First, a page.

With Artificial Intelligence (AI) seemingly in the news every day, it is no surprise that developments in this area are under scrutiny. Ernst & Young partner, Saby Roy, quoted that ‘the entire world is in a discovery phase right now’, with every industry looking to branch out into AI technology in some way or another.
The financial services sector is no exception, whether it’s the use of ‘chatbots’ for consumers’ online questions, or its use to detect money laundering and potential fraud. According to UK Finance, fraud cost the UK £1.2 bn in 2022. Institutions such as Mastercard and TSB are in the process of trialling a new system designed to detect fraudulent transactions on the Faster Payments network within milliseconds. TSB have estimated that the technology could reduce push payment fraud (scam payments) by around 20%. Once established among larger players in the market, developments will likely spread more quickly to smaller institutions.
Whilst the potential benefits are becoming clearer, there are always downsides to consider. Some experts within the sector have raised concerns of the misuse of technology to make criminal transactions more effective. Earlier iterations of automated tools have also faced scrutiny over inaccurate results, with some wrongful arrests in the US following poor facial recognition technology.
Understandably, some also worry that advancing AI could push workers out of the employment pool. BT recently announced plans to lean-out its workforce between now and 2030, as they look to replace around 10,000 employees with AI.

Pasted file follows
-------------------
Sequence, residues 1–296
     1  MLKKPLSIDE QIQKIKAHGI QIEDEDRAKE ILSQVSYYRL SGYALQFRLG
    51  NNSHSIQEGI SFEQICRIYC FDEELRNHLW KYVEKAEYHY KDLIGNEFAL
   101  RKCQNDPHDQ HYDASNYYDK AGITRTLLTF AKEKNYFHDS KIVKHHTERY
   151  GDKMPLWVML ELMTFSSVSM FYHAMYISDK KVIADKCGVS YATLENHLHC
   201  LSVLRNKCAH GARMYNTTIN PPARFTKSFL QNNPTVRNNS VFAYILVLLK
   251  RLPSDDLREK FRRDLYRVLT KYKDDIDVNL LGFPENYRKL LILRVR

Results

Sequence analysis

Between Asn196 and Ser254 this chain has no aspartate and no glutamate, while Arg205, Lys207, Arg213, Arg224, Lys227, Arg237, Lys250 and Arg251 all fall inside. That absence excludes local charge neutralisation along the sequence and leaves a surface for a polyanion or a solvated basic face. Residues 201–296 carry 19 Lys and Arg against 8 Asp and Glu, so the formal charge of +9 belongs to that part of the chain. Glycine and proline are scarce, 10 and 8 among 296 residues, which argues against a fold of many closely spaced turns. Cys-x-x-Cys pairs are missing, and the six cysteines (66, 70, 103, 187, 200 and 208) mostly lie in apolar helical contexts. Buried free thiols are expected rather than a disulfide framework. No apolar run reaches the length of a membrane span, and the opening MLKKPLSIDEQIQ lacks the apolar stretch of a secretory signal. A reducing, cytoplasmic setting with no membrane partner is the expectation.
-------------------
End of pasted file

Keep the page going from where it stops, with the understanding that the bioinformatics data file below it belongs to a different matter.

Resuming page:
However, history suggests that technological development will typically create jobs that no one can predict, or even understand. When we consider the role of the blacksmith in historic horse travel, it is unlikely that anyone could have foreseen the boom in car travel and, with it, car factory workers. According to the US Bureau for Labour Statistics, there were 6 times as many car factory workers than blacksmiths by 1950. Similar trends can be seen amongst train drivers Vs pilots, farmers Vs supermarket workers, and so on. Perhaps it is better to look ahead with the optimism of the car factory worker, as opposed to the pessimism of the blacksmith, or perhaps a healthy combination of both.
Overall, like most technological advances, it is likely that governance will be crucial in moving forwards with AI, ensuring that the benefits are monitored in line with the consequences, intended or otherwise.